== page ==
The death toll from the relentless and severe floods in Kenya, spurred by an unusually active rainy season linked to the El Nino weather phenomenon, has risen to 174 following the confirmation of six additional flood-related fatalities.
According to Kenyan radio station Capital FM, the recent casualties occurred due to a landslide in central Kiambu County and the flooding of a gold mine in southwestern Migori County.
The International Federation of Red Cross and Red Crescent Societies (IFRC) highlighted that the flooding has destroyed numerous rural homes, displacing thousands of individuals. Additionally, vast stretches of farmland have been submerged, and livestock losses due to drowning have been reported.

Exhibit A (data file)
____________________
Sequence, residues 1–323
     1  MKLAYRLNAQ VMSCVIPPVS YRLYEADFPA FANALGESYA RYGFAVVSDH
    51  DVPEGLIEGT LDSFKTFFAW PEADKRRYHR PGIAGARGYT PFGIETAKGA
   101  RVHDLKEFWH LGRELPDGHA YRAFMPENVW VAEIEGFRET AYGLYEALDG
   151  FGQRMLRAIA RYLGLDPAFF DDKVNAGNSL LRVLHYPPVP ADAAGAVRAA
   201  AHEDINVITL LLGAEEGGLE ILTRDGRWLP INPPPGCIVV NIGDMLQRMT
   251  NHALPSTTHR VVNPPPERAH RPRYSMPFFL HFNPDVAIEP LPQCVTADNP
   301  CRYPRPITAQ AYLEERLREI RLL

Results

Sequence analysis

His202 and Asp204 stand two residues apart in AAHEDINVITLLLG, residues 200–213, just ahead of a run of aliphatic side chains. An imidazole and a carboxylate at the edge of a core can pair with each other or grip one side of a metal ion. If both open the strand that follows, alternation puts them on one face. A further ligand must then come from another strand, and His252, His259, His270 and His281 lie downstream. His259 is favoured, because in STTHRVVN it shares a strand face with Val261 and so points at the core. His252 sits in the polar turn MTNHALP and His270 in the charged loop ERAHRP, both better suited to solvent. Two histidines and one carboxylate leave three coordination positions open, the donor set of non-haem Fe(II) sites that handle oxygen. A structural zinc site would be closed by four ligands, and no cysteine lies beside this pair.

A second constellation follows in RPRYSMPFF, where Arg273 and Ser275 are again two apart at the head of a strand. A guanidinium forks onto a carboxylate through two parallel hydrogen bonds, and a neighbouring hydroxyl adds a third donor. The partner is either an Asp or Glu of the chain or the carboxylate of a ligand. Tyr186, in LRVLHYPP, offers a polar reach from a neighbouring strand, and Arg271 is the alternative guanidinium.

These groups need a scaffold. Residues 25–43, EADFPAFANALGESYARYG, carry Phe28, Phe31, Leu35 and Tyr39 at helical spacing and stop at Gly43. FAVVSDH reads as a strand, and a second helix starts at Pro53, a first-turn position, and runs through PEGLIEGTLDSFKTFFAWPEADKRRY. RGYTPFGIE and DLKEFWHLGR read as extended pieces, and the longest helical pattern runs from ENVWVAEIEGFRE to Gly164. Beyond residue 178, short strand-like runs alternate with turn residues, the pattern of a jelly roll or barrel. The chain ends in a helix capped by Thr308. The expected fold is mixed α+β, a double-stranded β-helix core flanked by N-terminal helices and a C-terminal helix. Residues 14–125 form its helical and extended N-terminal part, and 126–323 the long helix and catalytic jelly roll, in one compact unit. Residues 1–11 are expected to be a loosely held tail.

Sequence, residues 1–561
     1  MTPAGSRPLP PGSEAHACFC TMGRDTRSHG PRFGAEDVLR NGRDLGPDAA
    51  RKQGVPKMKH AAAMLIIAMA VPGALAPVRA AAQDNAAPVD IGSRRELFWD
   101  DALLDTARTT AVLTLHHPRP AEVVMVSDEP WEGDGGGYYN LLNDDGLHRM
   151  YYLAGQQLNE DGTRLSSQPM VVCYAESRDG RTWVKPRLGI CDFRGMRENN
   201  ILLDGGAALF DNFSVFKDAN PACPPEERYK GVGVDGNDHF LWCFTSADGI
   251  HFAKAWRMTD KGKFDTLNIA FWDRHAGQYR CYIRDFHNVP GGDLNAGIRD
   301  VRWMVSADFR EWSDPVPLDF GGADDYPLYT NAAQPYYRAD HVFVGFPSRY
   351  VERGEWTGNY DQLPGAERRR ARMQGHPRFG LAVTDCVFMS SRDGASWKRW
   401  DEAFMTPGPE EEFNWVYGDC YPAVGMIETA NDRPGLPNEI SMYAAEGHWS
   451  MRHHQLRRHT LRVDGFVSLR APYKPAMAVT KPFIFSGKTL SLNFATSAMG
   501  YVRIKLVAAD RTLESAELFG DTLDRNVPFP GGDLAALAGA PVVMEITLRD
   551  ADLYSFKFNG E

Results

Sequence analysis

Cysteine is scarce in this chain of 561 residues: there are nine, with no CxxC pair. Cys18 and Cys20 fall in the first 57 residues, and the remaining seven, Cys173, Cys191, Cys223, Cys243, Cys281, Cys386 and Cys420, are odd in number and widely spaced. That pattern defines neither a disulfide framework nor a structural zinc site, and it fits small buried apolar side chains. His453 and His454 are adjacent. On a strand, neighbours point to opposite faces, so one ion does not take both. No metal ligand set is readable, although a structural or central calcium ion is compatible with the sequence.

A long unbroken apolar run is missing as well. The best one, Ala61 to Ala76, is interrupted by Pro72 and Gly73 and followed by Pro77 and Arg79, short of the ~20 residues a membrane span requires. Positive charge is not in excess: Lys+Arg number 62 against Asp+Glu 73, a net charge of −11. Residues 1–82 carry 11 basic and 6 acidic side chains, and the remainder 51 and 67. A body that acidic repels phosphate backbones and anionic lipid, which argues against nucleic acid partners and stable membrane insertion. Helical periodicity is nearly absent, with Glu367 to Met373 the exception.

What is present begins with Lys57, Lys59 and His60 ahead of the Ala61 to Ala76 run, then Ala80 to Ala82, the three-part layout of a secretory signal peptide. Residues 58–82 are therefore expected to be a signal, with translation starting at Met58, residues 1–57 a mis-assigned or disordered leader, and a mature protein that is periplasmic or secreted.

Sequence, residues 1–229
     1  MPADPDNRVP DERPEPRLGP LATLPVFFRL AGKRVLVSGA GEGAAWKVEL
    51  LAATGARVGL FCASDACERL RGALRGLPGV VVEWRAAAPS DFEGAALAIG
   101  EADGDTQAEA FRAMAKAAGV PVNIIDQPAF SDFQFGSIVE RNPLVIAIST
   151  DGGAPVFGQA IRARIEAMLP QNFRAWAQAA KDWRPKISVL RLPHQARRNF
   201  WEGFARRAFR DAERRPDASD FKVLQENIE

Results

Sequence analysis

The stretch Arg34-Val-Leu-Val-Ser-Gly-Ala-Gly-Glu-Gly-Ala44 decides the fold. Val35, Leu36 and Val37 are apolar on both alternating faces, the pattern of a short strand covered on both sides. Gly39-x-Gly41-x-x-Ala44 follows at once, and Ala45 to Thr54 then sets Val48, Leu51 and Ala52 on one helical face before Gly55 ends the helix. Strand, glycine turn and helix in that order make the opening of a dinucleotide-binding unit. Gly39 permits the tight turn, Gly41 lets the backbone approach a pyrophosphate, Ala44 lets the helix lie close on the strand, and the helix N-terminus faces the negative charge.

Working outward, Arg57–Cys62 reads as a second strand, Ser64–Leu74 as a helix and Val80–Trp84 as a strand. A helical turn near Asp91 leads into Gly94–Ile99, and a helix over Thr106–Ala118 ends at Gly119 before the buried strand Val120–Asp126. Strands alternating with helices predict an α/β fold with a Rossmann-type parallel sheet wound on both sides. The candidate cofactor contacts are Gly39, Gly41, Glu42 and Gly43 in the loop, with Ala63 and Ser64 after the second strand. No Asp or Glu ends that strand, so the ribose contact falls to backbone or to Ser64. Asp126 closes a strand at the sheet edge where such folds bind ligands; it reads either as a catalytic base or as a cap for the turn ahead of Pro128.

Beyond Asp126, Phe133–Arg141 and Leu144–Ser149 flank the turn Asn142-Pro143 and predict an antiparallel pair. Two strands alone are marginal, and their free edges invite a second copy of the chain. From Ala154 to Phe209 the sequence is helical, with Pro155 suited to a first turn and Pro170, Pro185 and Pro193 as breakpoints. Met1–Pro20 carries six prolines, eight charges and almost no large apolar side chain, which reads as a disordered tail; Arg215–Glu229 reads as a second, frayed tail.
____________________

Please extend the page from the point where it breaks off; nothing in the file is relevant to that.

Many of the worst-affected regions, relying heavily on herding for sustenance, are still reeling from the aftermath of the most severe drought experienced in the area in four decades.
The convergence of the drought, heavy rainfall, and extreme temperatures is expected to further exacerbate the economic situation in Kenya.
This Eastern African country anticipates continued heavy rainfall until January 2024, potentially extending the impact of the devastating floods and exacerbating the challenges faced by communities already struggling with the aftermath of the disaster.
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